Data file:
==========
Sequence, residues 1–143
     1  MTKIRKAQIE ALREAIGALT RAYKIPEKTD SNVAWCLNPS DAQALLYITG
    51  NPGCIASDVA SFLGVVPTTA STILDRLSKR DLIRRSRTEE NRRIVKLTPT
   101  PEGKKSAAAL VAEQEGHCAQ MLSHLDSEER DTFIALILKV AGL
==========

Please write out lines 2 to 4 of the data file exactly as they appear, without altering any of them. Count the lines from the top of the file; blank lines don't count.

     1  MTKIRKAQIE ALREAIGALT RAYKIPEKTD SNVAWCLNPS DAQALLYITG
    51  NPGCIASDVA SFLGVVPTTA STILDRLSKR DLIRRSRTEE NRRIVKLTPT
   101  PEGKKSAAAL VAEQEGHCAQ MLSHLDSEER DTFIALILKV AGL